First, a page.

“If I knew that, I’d be a lot closer to sanity.” Well, ask a stupid question... “I've already tried running, but that doesn’t work. It just makes it easier to pretend it’s not there, which only makes it harder when you’re reminded.”

“Oh, I hear you.” Too well?

“What scares me is that there's absolutely no reason why I won’t become Rhiannon the Megalomaniac, the worst of the lot. She went through the Wastelands too - came home and started killing everybody who stood against her. At some point, I could become her, and I don’t even know where that point is.”

No. That Jay simply couldn’t see. “But you seem so in control.”

“Are you kidding?!  I'm sixteen years old - I don't know how to handle this!”

“It's too much, isn't it?  Do you ever wish you had nice, simple problems like the kids on Dawson's creek?”

That coaxed a faint grin from Rhiannon. “All the time.  But... it’s good to talk to somebody who’s got an idea of what it feels like.”

“Amen to that.” They walked silently for awhile longer. “I think you’re worrying too much,” Jay finally said. The younger girl just looked at her, silently requesting more information. “I mean, not that you shouldn’t worry, that’s the way to keep on the right path, metaphorically speaking, but those other Rhiannons aren’t you.”

That got her another look. “Yes they are. Different dimensions, but same people....”

“No, you just said the magic words. Different dimensions. Far as I can figure, that means something went down differently there, screwing up what you consider normal history. So any other Rhiannon couldn’t have had the exact background that you did, so she, they, or whatever the right term is, can not be you. Sure, there’s bound to lots of similarities, but nature is one thing, and nurture is a totally different one, and dammit I’m channelling Lizzie again.”


“It’s the vampyre thing. I got attacked, I survived, and now I’ve got too damn many memories. It gets complicated from there, don’t ask ‘cause I’m done lecturing.”

“Alright. So, aside from that, what about you? Sounds like you’ve got some issues of your own.”

“Issues. Lovely way of putting it. Yeah, I got issues. The biggie, though....” She looked down, watching as her feet flashed in and out of sight. Six blue, oversized, inhuman talons that no human would ever have. “Normal. I think at one point I could almost have been called normal. I grew up a human, in the human world. Sure I read a lot of sci-fi and fantasy, but almost all my life there’s been a clear line. There’s modern miracles, but it’s only because of science. Magic, inhumans, it’s all just... fantasy. Not real.” She grinned almost bitterly. “Then I met Tate. It’s like some whacked out balance: for every amazing, magical thing that’s entered my life, there’s something equally – evil, I guess, if you pardon the triteness factor. There’s a lot more wonder, but there’s so much more violence, too. I don’t like violence.” She looked over, flashing Rhiannon an apologetic grin. “Sorry. I don’t mean to whine like that, I mean, got my health, pretty damn decent life, great guy... and I’m angsting like an entire team of X-men.” She signed. “Guess it’s true. We always want more.”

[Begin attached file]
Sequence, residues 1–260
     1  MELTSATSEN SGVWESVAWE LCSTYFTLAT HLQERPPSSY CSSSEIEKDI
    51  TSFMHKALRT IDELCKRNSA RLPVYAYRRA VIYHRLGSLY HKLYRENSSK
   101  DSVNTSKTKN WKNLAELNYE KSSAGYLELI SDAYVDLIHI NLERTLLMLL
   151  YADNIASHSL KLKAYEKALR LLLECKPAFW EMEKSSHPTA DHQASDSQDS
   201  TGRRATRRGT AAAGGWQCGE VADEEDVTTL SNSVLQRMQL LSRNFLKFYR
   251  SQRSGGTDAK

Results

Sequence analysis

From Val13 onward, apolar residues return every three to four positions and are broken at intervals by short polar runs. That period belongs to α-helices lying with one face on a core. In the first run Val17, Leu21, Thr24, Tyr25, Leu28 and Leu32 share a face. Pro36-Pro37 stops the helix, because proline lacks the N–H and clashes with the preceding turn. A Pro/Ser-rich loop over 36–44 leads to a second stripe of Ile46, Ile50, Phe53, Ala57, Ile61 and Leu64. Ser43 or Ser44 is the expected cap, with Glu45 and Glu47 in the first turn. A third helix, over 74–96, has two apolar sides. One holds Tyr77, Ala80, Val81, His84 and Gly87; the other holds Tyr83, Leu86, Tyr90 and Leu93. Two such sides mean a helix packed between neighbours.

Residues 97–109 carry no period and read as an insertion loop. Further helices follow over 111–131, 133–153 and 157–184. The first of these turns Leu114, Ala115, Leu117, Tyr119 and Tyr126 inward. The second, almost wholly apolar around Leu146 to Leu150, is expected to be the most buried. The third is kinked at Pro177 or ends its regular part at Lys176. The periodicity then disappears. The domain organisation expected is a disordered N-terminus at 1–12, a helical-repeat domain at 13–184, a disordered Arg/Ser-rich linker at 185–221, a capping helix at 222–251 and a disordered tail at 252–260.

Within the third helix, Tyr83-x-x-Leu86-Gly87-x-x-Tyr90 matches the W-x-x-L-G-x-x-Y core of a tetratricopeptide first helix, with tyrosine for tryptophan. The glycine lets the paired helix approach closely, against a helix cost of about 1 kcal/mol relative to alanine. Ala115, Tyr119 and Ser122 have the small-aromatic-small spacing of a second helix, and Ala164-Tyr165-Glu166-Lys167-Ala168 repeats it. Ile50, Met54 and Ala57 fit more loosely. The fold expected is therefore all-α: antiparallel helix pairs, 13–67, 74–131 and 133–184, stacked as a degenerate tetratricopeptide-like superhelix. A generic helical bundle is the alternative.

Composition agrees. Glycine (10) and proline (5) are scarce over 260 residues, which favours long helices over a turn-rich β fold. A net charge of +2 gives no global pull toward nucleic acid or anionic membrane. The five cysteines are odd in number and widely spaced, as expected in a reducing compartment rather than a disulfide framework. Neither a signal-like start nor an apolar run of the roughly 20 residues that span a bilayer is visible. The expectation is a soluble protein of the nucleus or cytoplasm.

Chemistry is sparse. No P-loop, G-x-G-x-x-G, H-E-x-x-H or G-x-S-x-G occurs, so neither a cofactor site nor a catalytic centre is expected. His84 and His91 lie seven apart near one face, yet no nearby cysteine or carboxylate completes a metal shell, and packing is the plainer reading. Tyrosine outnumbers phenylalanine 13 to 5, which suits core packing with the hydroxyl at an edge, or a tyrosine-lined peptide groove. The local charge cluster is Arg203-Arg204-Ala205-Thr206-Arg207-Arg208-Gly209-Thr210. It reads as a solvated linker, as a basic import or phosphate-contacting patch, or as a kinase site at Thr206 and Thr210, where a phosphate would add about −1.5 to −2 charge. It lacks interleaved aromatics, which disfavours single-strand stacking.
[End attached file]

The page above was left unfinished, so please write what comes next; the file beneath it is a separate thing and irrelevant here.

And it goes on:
Rhiannon gave the other girl a long look, musing over her words.  If she didn’t know better, she’d swear it was turning into that support group Tate and Richmond had been joking about.

“I don’t think you’re whining – well, no more than me and my ‘I don’t wanna be a bad guy’ rant.  Definitely not as much as the X-men, trust me on that one and just don’t ask,” she said finally, giving Jay a quick grin as the hybrid opened her mouth, then closed it firmly.  “I’ve grown up with the weirdness. I’m used to facing down really ugly things that don’t like me.  But you know, there are times I’d love to be one of the ‘normal’ people – some clueless Schleb who doesn’t have a clue about what’s going on because they’ve never had to face it coming at them like a Mack truck.  But if I were one of those people, perhaps I’d be the type who ran screaming when they saw a gargoyle.  And that would be a terrible thing.”